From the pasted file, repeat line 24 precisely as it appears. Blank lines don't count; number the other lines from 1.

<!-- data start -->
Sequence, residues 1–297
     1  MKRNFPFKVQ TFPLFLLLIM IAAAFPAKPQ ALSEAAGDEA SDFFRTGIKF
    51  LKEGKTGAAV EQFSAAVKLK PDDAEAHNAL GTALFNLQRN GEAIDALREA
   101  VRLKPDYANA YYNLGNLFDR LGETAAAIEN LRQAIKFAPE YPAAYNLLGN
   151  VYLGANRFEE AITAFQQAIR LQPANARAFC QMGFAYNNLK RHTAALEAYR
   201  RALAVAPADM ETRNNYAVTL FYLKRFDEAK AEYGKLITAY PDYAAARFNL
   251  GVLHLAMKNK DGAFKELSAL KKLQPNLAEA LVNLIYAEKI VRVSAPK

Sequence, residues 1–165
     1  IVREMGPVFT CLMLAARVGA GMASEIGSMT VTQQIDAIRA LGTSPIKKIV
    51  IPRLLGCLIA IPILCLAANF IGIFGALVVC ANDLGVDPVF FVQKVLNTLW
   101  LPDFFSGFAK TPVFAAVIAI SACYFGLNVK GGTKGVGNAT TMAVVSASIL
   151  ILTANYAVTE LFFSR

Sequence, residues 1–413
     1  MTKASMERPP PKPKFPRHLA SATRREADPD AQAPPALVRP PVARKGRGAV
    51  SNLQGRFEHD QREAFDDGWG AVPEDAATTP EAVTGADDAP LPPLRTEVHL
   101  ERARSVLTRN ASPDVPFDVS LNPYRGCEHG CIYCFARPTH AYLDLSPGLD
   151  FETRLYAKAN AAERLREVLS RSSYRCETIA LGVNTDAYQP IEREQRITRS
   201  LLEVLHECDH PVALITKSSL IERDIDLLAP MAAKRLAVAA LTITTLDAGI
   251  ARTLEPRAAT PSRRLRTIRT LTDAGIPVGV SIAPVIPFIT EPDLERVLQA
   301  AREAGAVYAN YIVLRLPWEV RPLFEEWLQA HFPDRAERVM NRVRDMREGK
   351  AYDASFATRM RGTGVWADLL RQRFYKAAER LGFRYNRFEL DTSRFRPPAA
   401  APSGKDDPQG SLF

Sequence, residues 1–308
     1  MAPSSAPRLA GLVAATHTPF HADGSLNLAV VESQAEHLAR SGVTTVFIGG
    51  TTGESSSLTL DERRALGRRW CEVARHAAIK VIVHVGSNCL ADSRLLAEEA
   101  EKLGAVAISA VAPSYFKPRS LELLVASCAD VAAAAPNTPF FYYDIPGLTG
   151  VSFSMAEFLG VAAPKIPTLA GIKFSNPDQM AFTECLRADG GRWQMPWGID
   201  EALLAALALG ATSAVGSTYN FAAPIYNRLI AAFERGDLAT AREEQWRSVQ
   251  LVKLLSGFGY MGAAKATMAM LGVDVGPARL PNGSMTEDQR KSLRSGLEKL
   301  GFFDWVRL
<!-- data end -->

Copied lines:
     1  MAPSSAPRLA GLVAATHTPF HADGSLNLAV VESQAEHLAR SGVTTVFIGG